Christian Michel’s extradition: Amid the exchange of political fire, what the echoes of Bofors tell us

Rahul Shrivastava
Rahul ShrivastavaDec 06, 2018 | 16:30

Christian Michel’s extradition: Amid the exchange of political fire, what the echoes of Bofors tell us

As BJP pulls out the big guns, it would do well to remember history before it starts celebrating.

India for all of its independent years has been mostly non-self-reliant for its defence and many civilian hardware needs. It has done business with many seller nations — old steady-mate Russia, the jealous USA, which always tried to pawn off the second-best, and European nations. Strangely, it’s the deals with the nations on the east side of the Atlantic which have ended up generating more stink and impacting politics in India. 


The ‘scam’ that started the great political mud-fight: Bofors 
The gun that started the great political mud-fight: Bofors. (Photo: Reuters/File) 

The AgustaWestland chopper deal joins the long list, populated by the likes of the Bofors field gun, the HDW submarine and Rafale. 

Voters preparing for 2019 had started picking their ears up to the ugly mud-slinging over the Rafale deal, involving the Congress chant, “Chowkidar chor hai” against PM Modi. The BJP’s defence — “Ma-beta bail par hain” — didn’t have the crunchy bite of a scam that involves a foreign nation.

The Congress wanted to pin Modi to Rafale — but it also wanted to avenge Bofors. The UAE has now sent Christian Michel, the alleged middle-man in the Agusta chopper deal, to Modi and made it a contest — Congress’ Rafale vs BJP’s Augusta Westland.  

Finally, in custody. But will the bird sing?
Finally, in custody. But will the bird sing? (Photo: Twitter)

History being repeated  

It’s not the first time in India’s history that the political narrative has the privilege of more than one such imported spoiler clashing, one in the hands of the Opposition, the other with the ruling party.

In the late 1980s, when VP Singh, Rajiv Gandhi's one-time finance minister, was busy staging a rebellion against his chief over Bofors, the St Kitts scandal came with an electrifying effect of a lightning bolt. The charges were that Ajeya Singh, the 33-year-old son of VP Singh, held a foreign account in a Caribbean tax haven that went by the unlikely name of St Kitts.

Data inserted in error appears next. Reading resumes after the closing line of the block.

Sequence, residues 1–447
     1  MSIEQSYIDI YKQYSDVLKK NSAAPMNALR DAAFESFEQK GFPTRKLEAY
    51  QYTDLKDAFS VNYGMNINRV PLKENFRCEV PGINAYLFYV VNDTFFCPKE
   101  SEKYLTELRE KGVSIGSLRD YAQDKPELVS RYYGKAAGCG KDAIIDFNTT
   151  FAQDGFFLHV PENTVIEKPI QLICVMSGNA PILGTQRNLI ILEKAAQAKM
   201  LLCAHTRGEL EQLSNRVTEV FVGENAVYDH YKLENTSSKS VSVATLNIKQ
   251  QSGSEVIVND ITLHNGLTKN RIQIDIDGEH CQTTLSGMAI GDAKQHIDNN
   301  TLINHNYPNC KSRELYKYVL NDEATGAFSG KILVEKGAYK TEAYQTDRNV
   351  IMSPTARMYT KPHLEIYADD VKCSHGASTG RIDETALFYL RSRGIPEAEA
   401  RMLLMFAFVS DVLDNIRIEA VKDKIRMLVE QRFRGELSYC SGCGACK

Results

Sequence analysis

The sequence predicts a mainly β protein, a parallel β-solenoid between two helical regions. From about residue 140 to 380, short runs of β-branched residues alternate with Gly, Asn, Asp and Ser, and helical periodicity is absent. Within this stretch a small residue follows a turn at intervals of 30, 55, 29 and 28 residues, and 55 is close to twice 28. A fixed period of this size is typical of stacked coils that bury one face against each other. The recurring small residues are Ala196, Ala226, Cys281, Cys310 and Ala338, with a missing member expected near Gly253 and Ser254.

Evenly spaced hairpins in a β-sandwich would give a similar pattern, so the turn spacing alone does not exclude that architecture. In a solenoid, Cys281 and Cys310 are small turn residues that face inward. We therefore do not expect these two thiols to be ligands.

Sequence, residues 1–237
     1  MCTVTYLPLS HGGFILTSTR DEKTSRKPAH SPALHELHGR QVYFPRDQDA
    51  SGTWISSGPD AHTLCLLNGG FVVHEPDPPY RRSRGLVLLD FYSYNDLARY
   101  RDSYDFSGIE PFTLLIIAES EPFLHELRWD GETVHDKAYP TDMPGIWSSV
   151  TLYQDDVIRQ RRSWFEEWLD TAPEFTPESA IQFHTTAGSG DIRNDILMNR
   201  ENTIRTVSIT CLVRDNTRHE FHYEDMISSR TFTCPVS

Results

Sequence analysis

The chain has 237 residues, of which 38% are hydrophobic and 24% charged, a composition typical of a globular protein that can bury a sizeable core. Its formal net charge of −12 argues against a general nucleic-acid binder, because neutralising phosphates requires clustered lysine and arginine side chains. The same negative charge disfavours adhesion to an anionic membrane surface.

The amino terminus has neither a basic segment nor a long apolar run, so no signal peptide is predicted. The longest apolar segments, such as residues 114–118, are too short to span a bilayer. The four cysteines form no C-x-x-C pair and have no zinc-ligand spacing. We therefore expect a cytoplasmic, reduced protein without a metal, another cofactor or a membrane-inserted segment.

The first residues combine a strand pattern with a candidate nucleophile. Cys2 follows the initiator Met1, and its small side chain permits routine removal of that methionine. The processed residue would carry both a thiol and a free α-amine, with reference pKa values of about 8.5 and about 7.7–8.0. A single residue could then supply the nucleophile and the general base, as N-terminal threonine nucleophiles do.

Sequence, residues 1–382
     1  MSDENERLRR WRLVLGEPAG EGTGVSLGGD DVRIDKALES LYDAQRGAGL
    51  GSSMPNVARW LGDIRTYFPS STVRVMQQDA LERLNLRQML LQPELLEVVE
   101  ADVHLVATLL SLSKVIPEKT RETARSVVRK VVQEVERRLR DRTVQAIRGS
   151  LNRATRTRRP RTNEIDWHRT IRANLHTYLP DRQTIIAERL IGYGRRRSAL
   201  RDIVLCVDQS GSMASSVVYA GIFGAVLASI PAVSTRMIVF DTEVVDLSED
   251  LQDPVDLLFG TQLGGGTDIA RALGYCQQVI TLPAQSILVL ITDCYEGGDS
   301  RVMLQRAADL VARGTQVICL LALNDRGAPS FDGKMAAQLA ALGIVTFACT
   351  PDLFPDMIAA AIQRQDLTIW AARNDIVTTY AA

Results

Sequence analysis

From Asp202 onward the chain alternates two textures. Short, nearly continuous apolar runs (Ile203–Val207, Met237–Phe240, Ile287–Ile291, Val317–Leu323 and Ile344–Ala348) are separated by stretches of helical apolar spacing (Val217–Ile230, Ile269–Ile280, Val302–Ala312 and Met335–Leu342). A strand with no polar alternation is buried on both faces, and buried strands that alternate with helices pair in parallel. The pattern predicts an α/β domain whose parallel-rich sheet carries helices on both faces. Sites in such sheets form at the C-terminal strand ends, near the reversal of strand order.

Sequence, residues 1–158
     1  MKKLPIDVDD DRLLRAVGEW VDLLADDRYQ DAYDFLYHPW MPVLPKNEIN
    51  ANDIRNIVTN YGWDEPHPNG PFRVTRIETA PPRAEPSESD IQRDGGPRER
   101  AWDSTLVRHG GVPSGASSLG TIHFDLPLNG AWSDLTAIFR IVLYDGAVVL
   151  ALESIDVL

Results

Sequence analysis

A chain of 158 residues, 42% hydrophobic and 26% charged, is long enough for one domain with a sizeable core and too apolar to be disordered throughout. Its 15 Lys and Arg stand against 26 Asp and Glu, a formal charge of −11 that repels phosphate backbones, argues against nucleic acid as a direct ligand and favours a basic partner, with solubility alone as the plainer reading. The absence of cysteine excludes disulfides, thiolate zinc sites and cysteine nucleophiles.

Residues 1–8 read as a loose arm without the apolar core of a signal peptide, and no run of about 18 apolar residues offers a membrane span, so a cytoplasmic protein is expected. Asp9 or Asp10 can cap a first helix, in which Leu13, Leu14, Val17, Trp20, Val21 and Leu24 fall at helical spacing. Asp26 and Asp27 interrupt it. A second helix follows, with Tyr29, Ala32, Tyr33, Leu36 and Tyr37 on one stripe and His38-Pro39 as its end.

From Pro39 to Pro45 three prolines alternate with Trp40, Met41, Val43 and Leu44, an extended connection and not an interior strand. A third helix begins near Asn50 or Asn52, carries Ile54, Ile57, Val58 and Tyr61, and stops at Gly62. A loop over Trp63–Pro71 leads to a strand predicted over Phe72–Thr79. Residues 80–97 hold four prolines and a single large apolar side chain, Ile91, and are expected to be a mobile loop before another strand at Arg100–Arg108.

VP Singh raised Bofors. He was immediately hit by St Kitts.
VP Singh raised Bofors. He was immediately hit by St Kitts. (Photo: PTI/file)

And the beneficiary of the $21 million (Rs 35 crore) account was alleged to be VP Singh himself. The scandal threatened to scorch Singh’s political career on the eve of his greatest test — the General Elections.

Then-minister of state for information and broadcasting KK Tewary reportedly said, 'VP Singh collected this money from private and public sector companies in London while he was finance minister. He collected the bribe and the money was deposited in the bank.'

Then, as suddenly as it had arrived, the scandal vanished — like a lightning bolt that wasn’t followed by thunder. 

St. Kitts was Congress’ counter to Bofors. History is now repeating itself.  

Then, it was a challenger vs the Congress’ first family. This time too, the ingredients are similar. 

History repeats itself. It’s Modi vs the Gandhis on kickback-corruption charges
History repeats itself. It’s Modi vs the Gandhis on kickback-corruption charges. (Photos: PTI)

Christen Michel landed in Delhi in the dying moments of Tuesday, December 4. And before Wednesday could strike, noon politics over him bloomed. BJP President Amit Shah, when asked about the Opposition’s claim that the BJP was trying to use Michel’s extradition to take the limelight away from other issues, said, 'The Opposition has no other issue. Does the Opposition want to save him? Shouldn’t we be catching the middleman involved in the scam? Is it not important?'


But that was the appetiser.

The PM served a full two-course meal. First, at Sumerpur in Rajasthan’s Pali district and the second at Dausa, the stronghold of Congress’ Rajasthan unit chief Sachin Pilot. 

He grabbed the newfound ammunition with glee to fire at the Congress. At Pali, he said, “The government has brought the VVIP chopper deal middleman and secret-keeper all the way from Dubai. He had served the politicians and will now disclose all the secrets. Who knows what will be revealed now.”